Language as key to unlocking the human mind
An interview with Enoch O. Aboh
(The following is an interview that appeared in the May 2013 issue of the Faculty of Humanities Newsletter).
Where others regard it merely as a means of communication, language for Enoch O. Aboh offers a way of understanding culture, life and even the inner workings of the human mind. As comparative linguist and profiling professor of Learnability since September 2012, Aboh sees countless possibilities for collaborating with other disciplines. ‘For the future of our domain, it is essential that we become more interactive and reach out to researchers from other disciplines.’
Accidents and luck
One of the first things that strike me as I enter a sun-drenched office is the affable nature of a man who humbly describes his impressive career as a succession of accidents and luck. Growing up in Benin in the 1980s, Enoch O. Aboh had little idea of the bright future that awaited him as a professional linguist. ‘I initially studied economics before moving to neighbouring Togo and graduating with a Bachelor’s in English. In those days the only thing that an English graduate could do was become a secondary school teacher, which didn’t seem very attractive at the time.’ Deciding to pursue a more practical line of study, Aboh chose to study translation at the University of Geneva, but ended up missing the entrance exams due to administrative reasons related to his visa application. Forced to wait another year to do a retake, he started exploring computational linguistics and linguistics, two subject areas which had interested him while studying English. ‘I decided to take some courses in linguistics at Geneva, which at the time was the European centre of generative grammar. I took a class taught by Prof. Luigi Rizzi, and was so impressed that I ended up enrolling in the university’s linguistics programme.’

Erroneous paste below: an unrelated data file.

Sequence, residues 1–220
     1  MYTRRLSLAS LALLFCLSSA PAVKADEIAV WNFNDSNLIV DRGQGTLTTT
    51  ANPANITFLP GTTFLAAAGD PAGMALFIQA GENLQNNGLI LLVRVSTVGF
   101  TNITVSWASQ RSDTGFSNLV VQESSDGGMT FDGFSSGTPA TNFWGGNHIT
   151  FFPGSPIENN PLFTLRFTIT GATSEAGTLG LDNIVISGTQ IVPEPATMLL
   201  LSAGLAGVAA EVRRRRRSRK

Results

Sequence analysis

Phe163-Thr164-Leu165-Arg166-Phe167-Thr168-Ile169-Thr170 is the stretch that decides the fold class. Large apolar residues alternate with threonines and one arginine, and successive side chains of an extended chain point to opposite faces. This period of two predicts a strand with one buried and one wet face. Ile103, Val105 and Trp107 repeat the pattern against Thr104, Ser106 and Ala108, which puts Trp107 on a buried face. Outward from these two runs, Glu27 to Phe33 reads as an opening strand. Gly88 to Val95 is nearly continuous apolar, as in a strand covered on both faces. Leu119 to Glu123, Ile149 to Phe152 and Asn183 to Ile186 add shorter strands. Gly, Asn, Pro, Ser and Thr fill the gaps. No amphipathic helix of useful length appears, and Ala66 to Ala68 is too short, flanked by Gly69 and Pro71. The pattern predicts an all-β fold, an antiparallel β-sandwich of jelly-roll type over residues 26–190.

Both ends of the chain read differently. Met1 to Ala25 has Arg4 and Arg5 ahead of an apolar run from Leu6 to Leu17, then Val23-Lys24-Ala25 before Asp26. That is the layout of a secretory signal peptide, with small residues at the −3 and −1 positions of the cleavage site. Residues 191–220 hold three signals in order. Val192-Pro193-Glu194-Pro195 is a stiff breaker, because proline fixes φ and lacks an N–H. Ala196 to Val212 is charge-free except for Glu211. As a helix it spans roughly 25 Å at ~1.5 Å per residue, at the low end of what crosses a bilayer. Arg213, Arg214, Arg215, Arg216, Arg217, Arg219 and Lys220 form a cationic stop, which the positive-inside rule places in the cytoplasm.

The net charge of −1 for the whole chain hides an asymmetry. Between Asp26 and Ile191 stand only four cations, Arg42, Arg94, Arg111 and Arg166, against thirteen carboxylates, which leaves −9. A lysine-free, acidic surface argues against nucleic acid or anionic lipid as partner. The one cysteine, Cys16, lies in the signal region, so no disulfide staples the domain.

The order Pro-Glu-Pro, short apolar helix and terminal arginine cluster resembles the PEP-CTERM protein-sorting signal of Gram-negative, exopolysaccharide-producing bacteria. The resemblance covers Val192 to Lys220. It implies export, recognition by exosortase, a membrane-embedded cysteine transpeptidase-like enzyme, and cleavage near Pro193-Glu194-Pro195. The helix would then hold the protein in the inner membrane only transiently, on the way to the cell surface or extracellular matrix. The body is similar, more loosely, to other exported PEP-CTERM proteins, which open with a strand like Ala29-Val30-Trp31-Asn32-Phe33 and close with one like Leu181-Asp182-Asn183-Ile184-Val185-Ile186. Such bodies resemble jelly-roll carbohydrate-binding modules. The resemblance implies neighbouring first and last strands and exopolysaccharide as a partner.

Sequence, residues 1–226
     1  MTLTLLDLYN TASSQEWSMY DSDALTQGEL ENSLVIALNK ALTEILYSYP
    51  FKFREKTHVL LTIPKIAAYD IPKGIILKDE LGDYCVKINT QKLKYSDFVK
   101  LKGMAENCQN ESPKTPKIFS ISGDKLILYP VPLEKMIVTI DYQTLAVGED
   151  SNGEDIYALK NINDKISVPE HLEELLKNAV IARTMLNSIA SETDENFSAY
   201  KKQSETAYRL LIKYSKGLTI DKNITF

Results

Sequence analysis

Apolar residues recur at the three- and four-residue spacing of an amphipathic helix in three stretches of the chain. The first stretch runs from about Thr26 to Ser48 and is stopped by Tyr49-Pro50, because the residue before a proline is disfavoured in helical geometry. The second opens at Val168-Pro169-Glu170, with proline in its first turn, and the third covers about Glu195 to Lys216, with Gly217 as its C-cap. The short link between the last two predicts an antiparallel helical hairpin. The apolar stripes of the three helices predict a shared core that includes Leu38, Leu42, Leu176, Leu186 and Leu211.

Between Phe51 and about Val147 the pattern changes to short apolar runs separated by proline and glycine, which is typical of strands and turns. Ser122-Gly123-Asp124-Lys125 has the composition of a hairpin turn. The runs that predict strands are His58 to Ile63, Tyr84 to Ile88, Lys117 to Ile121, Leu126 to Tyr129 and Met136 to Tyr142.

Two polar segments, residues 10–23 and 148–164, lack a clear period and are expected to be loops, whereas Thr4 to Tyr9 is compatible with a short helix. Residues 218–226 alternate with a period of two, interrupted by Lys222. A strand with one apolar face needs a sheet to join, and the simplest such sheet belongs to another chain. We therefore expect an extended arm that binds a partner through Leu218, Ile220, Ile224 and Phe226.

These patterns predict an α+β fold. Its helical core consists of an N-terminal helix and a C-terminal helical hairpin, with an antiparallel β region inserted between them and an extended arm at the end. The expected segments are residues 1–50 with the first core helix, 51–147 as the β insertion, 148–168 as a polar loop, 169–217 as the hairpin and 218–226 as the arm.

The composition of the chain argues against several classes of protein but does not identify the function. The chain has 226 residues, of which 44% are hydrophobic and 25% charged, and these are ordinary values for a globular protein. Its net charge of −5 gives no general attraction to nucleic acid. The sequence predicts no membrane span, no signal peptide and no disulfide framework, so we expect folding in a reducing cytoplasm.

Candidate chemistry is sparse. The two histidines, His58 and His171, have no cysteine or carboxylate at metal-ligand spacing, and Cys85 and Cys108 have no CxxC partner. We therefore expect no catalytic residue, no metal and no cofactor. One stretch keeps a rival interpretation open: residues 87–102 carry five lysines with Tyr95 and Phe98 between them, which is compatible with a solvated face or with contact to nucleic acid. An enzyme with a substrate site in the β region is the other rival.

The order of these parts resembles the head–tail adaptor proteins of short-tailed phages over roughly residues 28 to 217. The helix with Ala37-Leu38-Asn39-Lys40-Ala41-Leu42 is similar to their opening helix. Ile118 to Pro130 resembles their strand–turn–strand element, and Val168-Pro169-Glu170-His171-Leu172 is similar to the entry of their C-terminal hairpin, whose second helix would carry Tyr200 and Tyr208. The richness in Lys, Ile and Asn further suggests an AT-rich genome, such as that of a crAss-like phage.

In 1998 Aboh's sudden love affair with linguistics became a lasting relationship when he completed his dissertation on the clause structure of sentences in the Kwa language group. Titled From the Syntax of Gungbe to the Grammar of Gbe (Geneva 1999), Aboh’s thesis is devoted to the micro-comparative study of the Gbe languages (a subfamily of the Kwa languages of West Africa) and explores the principles underlying cross-linguistic variation within this language group and typologically different languages such as Romance and Germanic. ‘I had originally intended to explore question formation in French, but was encouraged by my supervisor Liliane Haegeman to focus on Gungbe, which is a language I can speak but on whose linguistic structure I had received no instruction (e.g. grammar, phonology, morphology, semantics). To understand this, it is important to know that in Benin, a former French colony, French is the unique language of instruction and no so-called national language is tolerated in school, not even as a subject of study. Accordingly, I could not even identify the part-of-speech or the grammatical elements of Gungbe, a language I could speak naturally but which I did not think was worth studying. My research on this language and other languages of the Gbe and Kwa family therefore gave me the extraordinary opportunity to rediscover my indigenous native language, which I could then compare to other languages I spoke natively (e.g. French) or as a second language learner (e.g. English). As my work evolved, it became clear to me that certain linguistic phenomena, which I once assumed typical of languages with an oral culture, are constant across typologically different languages as well as across oral or written cultures. A new world had been opened to me.’